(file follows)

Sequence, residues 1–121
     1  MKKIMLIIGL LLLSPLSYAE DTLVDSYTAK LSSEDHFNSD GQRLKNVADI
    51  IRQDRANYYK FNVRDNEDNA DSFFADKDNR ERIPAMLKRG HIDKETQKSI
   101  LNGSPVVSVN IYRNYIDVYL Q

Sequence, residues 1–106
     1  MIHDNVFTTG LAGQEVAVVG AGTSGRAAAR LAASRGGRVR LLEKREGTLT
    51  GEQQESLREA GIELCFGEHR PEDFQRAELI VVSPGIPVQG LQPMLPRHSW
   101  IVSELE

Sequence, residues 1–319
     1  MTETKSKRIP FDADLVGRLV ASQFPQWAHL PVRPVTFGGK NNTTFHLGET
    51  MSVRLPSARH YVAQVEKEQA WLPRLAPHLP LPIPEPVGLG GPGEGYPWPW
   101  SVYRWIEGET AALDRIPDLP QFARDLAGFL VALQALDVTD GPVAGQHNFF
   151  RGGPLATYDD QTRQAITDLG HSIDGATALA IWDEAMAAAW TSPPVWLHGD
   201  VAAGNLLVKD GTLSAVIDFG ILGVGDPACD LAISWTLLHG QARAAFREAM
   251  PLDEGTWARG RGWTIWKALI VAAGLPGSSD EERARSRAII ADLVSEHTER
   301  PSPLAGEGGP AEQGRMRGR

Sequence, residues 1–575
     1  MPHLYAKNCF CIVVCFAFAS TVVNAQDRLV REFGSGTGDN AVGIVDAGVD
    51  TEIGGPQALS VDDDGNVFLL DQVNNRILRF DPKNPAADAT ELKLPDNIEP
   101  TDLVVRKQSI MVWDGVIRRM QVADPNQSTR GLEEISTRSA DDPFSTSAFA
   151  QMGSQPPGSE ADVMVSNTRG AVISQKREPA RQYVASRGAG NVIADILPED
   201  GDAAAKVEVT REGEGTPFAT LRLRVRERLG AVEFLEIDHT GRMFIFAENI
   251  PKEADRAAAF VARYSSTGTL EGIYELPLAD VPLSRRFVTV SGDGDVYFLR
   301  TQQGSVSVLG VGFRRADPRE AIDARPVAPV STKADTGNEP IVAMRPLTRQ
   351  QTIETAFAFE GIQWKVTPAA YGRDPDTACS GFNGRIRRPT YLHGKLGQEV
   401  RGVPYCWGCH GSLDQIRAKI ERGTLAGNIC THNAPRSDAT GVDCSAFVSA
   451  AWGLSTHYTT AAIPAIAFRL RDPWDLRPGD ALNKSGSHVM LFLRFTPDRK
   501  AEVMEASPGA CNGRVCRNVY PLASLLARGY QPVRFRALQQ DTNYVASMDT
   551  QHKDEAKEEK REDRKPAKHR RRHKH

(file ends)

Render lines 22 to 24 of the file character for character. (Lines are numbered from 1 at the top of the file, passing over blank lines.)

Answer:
   201  GDAAAKVEVT REGEGTPFAT LRLRVRERLG AVEFLEIDHT GRMFIFAENI
   251  PKEADRAAAF VARYSSTGTL EGIYELPLAD VPLSRRFVTV SGDGDVYFLR
   301  TQQGSVSVLG VGFRRADPRE AIDARPVAPV STKADTGNEP IVAMRPLTRQ